The core of the Trumponomics is a reflation — a comprehensive system of measures aimed to stimulate economy by increasing the money supply, reducing taxes, increasing domestic manufacturing, and reducing the trade deficit.

The tools of the new policy include increasing government investments into infrastructure projects (up to $1 trillion), and a fiscal reform ($4.4 trillion). This reform, in turn, includes comprehensive tax cuts for individuals, households and businesses intended to increase an aggregate demand and stimulate investment activity.

Finally, Trumponomics implements various protectionist measures, including higher tariffs on imports of metals and consumer goods.  

Obviously, there is a downside to protectionism — trade wars that may backlash on American industry and the pace of its development. On March, 2, 2018 President Trump tweeted that “Trade wars are good, and easy to win.” In Trumponomics, even trade partners are viewed as rivals. For the world trade which constitutes 55% of global GDP, this approach may have serious consequences. In the first place, it would hurt exporter countries with a major export share of goods with high added value and that have a significant trade surplus with the U.S. (China, Japan, Germany, Mexico, Canada, Brazil, South Korea, and some EU countries). These countries, in turn, may try to retaliate and increase tariffs on American exports, too. But, in our opinion, the risk of an escalation of trade wars in 2018-2019 is low, as the American economy is tightly intertwined with the global one. It is more probable that the Trump administration will focus on non-tariff measures, such as a strict control on exports of high technologies and implementation of technical requirements for imports, as well as operations in stock markets, including dollar supply reduction.

Overall, we may conclude that protectionism and repatriation of manufacturing jobs will negatively affect world trade and hurt American trade partners but, most importantly, will benefit the U.S. in the long run as it is time to reestablish a healthy pragmatism in our policies. America will gradually expand its presence on the global market, but the expenses will rise, too, primarily on a national defense that is crucial for securing a military dominance. Naturally, part of these expenses will be transferred on NATO allies and satellite countries, which is exactly what is already happening.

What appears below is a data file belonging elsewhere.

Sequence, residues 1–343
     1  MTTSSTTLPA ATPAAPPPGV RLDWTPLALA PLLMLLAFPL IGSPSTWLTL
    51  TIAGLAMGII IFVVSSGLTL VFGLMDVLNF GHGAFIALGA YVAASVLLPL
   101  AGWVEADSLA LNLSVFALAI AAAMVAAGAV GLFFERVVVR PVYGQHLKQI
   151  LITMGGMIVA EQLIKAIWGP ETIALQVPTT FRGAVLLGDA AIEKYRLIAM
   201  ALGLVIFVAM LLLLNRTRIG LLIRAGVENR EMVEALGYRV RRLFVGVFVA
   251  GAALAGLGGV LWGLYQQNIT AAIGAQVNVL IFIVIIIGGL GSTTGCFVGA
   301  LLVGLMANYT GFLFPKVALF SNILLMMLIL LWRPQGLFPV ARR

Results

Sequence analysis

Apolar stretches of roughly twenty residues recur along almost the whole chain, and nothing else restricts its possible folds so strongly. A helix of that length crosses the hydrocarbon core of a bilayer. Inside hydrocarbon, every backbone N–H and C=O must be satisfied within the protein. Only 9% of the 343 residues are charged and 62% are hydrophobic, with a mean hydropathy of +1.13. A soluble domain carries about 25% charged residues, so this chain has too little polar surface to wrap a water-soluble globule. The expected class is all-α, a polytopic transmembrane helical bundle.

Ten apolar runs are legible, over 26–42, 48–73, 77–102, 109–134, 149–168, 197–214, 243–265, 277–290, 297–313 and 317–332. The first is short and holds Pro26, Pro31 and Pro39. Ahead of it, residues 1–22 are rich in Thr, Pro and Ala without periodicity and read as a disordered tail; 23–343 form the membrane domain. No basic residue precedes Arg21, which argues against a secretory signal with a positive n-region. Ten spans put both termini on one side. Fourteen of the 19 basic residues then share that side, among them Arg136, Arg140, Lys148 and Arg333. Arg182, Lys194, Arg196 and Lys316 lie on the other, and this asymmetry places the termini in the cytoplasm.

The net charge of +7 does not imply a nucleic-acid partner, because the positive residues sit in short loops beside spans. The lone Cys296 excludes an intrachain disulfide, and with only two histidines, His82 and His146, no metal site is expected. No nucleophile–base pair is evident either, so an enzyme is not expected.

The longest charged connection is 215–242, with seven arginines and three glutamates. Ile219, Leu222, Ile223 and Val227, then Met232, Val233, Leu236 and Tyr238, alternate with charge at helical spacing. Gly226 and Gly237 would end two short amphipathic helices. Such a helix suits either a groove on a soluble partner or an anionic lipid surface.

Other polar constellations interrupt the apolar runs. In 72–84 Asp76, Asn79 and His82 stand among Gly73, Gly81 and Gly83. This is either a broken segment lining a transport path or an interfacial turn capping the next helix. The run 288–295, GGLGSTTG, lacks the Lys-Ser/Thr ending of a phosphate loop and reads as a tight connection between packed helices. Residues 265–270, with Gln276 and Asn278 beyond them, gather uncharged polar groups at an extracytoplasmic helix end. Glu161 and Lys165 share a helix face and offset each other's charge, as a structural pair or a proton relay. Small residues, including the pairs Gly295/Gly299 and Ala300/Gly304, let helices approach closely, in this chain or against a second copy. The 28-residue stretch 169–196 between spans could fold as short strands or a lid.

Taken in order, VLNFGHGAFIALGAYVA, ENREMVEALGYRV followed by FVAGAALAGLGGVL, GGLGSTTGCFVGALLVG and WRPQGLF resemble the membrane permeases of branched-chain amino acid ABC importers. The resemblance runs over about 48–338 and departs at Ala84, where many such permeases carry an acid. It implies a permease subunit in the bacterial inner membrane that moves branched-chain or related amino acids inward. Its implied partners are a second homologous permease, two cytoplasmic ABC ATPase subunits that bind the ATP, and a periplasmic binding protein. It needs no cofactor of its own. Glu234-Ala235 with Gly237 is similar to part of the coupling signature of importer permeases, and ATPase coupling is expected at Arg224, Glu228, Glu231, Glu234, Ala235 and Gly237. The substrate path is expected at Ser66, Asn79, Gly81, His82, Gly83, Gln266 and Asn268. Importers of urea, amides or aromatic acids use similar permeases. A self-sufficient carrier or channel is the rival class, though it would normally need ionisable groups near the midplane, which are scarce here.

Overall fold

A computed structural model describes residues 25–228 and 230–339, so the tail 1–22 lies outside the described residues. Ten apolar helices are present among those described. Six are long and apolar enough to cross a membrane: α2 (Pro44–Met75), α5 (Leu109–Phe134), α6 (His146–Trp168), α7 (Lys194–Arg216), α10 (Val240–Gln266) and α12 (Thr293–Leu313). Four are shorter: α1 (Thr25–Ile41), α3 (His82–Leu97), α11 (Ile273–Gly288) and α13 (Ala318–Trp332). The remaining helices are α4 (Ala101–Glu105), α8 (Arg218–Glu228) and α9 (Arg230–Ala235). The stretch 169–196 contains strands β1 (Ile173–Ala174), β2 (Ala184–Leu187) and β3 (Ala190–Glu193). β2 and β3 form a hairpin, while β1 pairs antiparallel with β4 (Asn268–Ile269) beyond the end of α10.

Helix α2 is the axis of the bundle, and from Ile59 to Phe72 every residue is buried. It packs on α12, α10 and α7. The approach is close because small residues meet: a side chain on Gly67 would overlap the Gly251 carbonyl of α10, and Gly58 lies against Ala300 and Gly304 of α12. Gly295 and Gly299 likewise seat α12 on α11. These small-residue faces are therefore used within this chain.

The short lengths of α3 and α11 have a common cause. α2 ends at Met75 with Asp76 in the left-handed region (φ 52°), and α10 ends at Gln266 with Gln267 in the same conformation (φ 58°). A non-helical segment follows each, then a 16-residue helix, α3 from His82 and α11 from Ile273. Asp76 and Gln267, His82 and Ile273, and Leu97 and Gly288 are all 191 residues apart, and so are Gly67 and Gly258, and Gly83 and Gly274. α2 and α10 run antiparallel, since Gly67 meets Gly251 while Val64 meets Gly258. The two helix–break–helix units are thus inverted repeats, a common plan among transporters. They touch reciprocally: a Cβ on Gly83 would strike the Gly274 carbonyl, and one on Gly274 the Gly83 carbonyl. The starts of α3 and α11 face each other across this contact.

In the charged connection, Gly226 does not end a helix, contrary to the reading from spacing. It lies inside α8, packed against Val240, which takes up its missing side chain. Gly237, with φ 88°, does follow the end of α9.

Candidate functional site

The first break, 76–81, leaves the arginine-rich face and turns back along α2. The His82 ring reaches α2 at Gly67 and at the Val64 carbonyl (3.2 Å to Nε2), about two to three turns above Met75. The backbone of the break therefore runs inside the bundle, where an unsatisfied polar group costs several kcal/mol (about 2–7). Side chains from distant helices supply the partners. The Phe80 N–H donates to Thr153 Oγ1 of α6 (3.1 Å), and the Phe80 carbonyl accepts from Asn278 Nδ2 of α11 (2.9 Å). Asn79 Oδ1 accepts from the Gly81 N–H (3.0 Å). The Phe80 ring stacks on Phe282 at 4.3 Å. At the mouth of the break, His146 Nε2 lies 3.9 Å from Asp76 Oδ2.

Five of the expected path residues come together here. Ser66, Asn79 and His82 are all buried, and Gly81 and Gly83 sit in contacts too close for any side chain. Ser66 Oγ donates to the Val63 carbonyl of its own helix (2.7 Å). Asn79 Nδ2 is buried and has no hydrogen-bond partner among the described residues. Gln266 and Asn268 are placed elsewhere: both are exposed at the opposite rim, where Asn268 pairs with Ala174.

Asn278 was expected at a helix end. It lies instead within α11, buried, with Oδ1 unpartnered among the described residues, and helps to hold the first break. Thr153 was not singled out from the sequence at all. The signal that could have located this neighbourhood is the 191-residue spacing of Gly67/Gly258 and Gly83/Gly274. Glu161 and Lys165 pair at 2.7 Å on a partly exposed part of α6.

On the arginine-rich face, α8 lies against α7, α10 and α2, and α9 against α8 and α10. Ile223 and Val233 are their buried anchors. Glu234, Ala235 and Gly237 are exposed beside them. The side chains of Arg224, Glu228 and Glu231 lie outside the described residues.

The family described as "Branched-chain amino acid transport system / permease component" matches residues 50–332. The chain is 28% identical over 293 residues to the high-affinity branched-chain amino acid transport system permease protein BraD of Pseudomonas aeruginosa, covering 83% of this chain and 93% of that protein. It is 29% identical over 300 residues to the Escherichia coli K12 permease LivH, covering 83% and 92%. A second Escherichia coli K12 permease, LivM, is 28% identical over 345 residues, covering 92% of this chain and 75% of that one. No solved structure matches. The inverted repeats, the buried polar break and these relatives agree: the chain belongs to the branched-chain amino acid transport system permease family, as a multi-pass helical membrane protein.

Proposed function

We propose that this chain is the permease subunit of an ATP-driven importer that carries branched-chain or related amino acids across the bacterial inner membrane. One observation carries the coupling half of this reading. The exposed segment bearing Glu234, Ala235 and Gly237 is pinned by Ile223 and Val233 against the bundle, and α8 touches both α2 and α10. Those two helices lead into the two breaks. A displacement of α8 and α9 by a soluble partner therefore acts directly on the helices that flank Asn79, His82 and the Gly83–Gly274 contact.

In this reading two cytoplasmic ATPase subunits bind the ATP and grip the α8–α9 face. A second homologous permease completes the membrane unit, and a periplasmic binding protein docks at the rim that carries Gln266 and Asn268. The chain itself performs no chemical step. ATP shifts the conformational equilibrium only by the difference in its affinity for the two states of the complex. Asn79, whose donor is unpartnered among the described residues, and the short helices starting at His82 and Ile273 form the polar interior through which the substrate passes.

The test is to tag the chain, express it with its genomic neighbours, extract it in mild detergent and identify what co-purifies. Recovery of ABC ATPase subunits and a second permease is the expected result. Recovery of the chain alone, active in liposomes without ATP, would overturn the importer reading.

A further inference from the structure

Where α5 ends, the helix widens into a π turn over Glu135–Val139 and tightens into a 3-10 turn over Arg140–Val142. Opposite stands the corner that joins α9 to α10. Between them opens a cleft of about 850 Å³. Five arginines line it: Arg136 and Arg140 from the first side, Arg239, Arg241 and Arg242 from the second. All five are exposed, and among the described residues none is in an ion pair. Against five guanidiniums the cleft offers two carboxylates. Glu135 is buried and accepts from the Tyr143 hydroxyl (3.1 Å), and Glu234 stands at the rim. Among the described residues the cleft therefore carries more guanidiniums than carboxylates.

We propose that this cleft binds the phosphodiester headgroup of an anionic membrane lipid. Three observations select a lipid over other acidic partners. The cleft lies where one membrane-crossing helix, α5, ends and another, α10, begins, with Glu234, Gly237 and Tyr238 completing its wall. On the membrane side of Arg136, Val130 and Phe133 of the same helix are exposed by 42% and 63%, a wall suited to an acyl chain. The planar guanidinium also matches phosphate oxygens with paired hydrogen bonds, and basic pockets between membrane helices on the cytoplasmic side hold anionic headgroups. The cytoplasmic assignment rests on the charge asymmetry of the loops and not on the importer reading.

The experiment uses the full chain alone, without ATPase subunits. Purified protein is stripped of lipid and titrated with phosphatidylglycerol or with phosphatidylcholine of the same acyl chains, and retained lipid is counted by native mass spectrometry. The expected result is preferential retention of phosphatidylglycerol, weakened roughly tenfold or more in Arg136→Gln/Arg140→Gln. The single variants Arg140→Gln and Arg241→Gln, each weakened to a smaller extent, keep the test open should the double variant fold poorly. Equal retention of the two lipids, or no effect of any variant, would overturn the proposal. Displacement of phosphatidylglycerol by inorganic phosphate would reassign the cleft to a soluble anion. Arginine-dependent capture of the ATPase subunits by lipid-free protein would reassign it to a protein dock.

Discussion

Ever since Donald Trump put his hand on the Bible to swear an Oath of Affirmation, he has been harshly criticized for every step he takes. While a rational criticism is a basis of every democracy, American left has gone unprecedentedly hysterical in its reaction to the Trump administration’s policies. Thus, Trump’s economic plan is usually labeled a “disaster,” a “chaos,” or even an “Armageddon.” At the best, positive results of the working policies are attributed to the Obama’s legacy. But all of them fail to objectively analyze and explain the global trends of the American and the world economy that dictate new and adequate approaches that would make America thrive in the given global context.

The pace of globalization is slowing down as it reaches its natural limits, and the central goal of the Trump administration now is to secure America’s global leadership. The core value of foreign and domestic policies has once again become American national interests. Globalization, once considered a vital part of American global leadership, is now damages its interests and, thus, strengthens the positions of its competitors. As the Trump administration tries to counteract this negative trend, it implements a new economic plan to which we will refer as Trumponomics. The fundamental points of the plan are protectionism, America-centric foreign policy, repatriation of the national capital and manufacturing to the U.S., and acceleration of GDP growth through a new budget policy and investments into infrastructure. Naturally, this policy has its side effects, such as trade wars and growing frustration among the American allies. The questions are, what would the benefits of Trumponomics be and would they outweigh its potential disadvantages? 

Ideological premises of globalization

With the collapse of the Soviet Union and bipolar world order in the early 1990s, the U.S. became the only superpower. With an absence of any serious political challenges to the U.S., geopolitics has eventually transformed into geoeconomics, or a competition over markets. Globalization, as a process of interaction and integration between people, companies, and governments worldwide based on Western values of freedom, democracy, and the market economy, has become a centerpiece of American foreign policy. Two main ideologies that constituted it were neoconservatism, which assumed utilization and growth of the economic and military supremacy of the U.S.; the other was a neoliberalism that transferred control over a global economy from national to supranational financial institutions. Domestically, the U.S. has developed a postindustrial economy that focused on finances, information technologies and services, and control over the newest technologies and intellectual property. Simultaneously, a major part of the industrial manufacturing had been moved to developing countries with cheap labor and resources.